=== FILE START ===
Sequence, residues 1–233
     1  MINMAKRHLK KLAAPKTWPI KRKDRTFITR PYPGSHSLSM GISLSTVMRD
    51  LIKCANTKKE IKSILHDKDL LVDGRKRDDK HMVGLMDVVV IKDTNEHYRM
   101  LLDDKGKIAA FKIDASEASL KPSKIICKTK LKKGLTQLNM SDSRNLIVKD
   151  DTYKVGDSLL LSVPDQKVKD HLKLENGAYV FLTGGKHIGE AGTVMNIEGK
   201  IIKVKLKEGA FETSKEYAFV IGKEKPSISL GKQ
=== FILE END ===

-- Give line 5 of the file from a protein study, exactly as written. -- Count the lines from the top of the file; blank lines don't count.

   151  DTYKVGDSLL LSVPDQKVKD HLKLENGAYV FLTGGKHIGE AGTVMNIEGK